Preethi Nallu and Jack Watling, 4 December 2014.
ST. LOUIS – “It was right here that Dred Scott sued for his freedom,” Kevin Pulley points, standing in front of the Old Court House in St. Louis, Missouri. Beneath the scorching mid-western sun the stainless steel arch built to symbolize ‘the Gateway to the West’ glistens in the background.
“Ironic isn’t it? It was here that the questioning of slavery started.” A somber smile lingers on Pulley’s face; despite a rich history associated with the civil rights movement St. Louis remains bitterly segregated. After the shooting of Michael Brown, an 18-year-old black man, by police on 9 August 2014, the St. Louis district of Ferguson has become the focal point for a new debate about race relations in the United States.
Almost a quarter of St Louis County’s 1.1 million residents are African American, and yet it is one of the “most racially divided cities” in America according to the Black-White Dissimilarity Index [PDF] with distinct white and black neighbourhoods.
EDUCATION AND ETHNICITY
Kevin Pulley has worked as a teacher in St Louis for more than two decades. For him “racism has set the stage” for all forms of inequality from the stop-and-frisk policies of the police that disproportionately target young black men to access to education and educational resources.
In 1954 the US Supreme court ruled that ‘Separate but Equal’ – the principle whereby schools could be exclusively for black or white students so long as they provided comparable education – was unconstitutional. In St. Louis however attempts to desegregate schools only got underway in 1982 by which time the desire to integrate in both white and black communities had withered. The result is persistent and stark disparities in funding, opportunities and academic achievement.
Although late to get under way, the government tried to break down community barriers through the largest desegregation program in the United States. The Voluntary Transfer Program sought to give students in predominantly black neighbourhoods the opportunity to be educated at better funded and higher performing schools in mostly white districts. Over 13,000 inner-city black students benefit from the program each year.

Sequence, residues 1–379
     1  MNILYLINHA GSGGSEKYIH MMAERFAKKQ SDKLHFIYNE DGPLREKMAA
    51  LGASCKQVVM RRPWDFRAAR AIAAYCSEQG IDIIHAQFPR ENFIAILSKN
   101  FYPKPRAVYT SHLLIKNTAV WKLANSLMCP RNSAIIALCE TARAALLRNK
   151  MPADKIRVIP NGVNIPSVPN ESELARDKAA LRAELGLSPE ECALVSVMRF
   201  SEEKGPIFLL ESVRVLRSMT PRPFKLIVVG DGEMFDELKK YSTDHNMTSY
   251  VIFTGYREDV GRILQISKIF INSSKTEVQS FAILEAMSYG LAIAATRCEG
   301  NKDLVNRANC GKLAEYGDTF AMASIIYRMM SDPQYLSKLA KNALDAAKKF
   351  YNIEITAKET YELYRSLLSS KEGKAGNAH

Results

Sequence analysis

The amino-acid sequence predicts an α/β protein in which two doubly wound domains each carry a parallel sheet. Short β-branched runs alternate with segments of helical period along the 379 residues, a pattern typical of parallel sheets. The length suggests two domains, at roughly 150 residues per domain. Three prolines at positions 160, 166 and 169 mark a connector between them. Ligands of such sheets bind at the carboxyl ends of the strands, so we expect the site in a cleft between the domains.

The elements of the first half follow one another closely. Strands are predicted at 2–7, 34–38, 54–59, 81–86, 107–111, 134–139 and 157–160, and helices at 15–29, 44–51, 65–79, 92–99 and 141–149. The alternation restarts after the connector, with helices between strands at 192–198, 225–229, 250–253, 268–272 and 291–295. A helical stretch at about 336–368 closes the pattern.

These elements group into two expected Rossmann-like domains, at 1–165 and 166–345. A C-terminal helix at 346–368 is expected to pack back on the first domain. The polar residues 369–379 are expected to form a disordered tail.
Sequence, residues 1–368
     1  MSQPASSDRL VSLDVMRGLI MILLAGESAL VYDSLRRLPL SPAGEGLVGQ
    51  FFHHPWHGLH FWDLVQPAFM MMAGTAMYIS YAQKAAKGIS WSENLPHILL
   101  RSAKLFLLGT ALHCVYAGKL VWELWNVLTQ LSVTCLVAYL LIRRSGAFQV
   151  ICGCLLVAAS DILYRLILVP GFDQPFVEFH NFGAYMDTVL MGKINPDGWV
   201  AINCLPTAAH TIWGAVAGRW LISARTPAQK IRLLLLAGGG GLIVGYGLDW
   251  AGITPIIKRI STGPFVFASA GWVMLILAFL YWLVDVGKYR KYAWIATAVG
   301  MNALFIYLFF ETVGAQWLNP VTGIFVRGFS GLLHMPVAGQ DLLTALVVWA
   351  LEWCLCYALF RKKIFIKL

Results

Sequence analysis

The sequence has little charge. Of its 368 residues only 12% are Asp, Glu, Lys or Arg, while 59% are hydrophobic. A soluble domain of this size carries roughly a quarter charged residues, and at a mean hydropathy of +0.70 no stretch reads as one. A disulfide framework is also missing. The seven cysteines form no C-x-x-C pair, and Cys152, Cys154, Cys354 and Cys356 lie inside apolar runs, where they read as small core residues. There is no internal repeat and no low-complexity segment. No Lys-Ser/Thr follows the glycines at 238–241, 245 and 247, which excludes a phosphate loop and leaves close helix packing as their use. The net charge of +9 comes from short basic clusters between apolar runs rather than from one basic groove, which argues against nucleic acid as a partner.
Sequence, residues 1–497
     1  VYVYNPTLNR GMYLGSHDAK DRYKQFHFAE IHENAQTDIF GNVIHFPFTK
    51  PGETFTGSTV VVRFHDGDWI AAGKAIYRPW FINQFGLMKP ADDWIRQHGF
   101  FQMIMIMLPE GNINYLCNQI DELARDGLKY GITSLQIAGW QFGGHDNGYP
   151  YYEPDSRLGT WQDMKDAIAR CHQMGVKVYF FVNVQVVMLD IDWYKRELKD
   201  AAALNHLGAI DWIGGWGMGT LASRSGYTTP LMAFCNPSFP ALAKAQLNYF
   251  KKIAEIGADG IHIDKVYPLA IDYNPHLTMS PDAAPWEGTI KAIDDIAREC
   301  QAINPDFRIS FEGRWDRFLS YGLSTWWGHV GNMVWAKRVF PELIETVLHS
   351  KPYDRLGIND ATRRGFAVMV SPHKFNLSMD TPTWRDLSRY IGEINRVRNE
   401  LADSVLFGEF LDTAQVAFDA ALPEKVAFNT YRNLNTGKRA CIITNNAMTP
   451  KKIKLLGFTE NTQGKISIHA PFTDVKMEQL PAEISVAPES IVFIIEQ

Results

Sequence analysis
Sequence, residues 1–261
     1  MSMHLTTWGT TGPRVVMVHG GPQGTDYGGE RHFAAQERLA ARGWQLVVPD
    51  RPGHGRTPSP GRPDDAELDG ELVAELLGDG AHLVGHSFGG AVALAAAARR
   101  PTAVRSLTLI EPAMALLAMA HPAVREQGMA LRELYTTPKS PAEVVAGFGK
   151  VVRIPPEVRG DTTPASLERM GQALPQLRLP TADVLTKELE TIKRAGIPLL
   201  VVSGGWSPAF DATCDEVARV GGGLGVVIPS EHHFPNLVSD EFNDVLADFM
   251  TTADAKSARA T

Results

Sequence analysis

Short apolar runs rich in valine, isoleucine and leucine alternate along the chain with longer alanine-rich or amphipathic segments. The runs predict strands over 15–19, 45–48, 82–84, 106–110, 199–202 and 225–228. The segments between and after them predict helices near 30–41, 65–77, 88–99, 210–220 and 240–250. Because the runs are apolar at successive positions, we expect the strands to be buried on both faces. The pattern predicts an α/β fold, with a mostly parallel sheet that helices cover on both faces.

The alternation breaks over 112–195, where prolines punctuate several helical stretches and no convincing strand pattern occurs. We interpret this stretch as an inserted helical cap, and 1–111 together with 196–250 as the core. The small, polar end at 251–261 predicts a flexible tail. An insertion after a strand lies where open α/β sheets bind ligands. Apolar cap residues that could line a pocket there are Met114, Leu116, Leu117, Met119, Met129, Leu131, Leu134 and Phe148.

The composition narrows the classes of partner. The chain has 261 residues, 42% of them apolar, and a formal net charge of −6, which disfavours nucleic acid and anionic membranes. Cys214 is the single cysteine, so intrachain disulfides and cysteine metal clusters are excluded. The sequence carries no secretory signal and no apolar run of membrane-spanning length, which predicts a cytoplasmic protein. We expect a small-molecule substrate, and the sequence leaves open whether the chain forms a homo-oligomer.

Success has been limited however and in some areas counter productive. The child’s residential district provides the funding, resulting in millions of dollars and the brightest students being taken from failing schools. For those on the program it can transform lives. For those who remained they are left in underfunded schools that struggle to remain accredited – a system for certifying that the schools meet national standards in the qualifications they issue.
In Normandy School District for example African Americans make up around 83% of the population. Normandy School has been chronically failing for a long time but rather than providing much needed resources the Voluntary Transfer Program forces the school to pay $15 million USD to fund its brightest students being sent elsewhere. Normandy is consequently at risk of bankruptcy with grades falling. In 2014 Normandy lost accreditation, stifling its students’ access to grants, scholarships and higher education.
Kevin Pulley observes in students how this process lead to dejection, fear of rejection, apathy that the status-quo will never change and ultimately resignation that their futures are stunted simply based on their race.
After two decades of mixed results at best, the desegregation program is being wound up. Many hope that the resources can now go into infrastructure and resources to turn around failing schools. Teachers however, who observe the transformative effect of the program on the students it supports hope that it can continue but with a more sustainable and equitable source of funding.
THE FORTUNATE FEW
While the transfer program has been decried as a resource drainer for already impoverished schools, it has provided unrivaled opportunities for thousands of students. Jadon Harrison is amongst them; a confident 14 year old with a calm demeanor and good grades. He collects his thoughts carefully when asked about race, identity and how his school has shaped his outlook and future prospects.
Harrison is well aware that attending Affton High School through the transfer program “has changed his life,” – from feeling safe and accepted, to a possible football scholarship and several options when he enters university.
As the anger and frustration over the killing of Michael Brown moves towards a broader debate about race relations in America rights activists are aware that keeping the momentum alive and pressing on with their “Black Lives Matter” campaign will need to aim to reduce both the material and psychological divide in Ferguson and other areas of St. Louis.
It is a common saying among teachers in St. Louis that “to change a school is to change a community.” It is widely accepted that lasting solutions for entire communities can only come from within already existing local schools, so the investment must focus on schools and not just individual students. The end of the transfer program and the momentum generated by the “Black Lives Matter” campaign may make this transition possible so that from the ashes of a tragedy sparks the opportunity for change.
Video by Preethi Nallu (@Preethi_Nallu), Writing and Data by Jack Watling (@Jack_Watling)
First Published by NewsFixed Insight on 4 December 2014.
Jack Merlin Watling
Jack is a journalist and historian. He formerly worked as planning editor at NewsFixed, and has contributed to Foreign Policy, Reuters, the Guardian, Vice, the Herald Group and the New Statesman.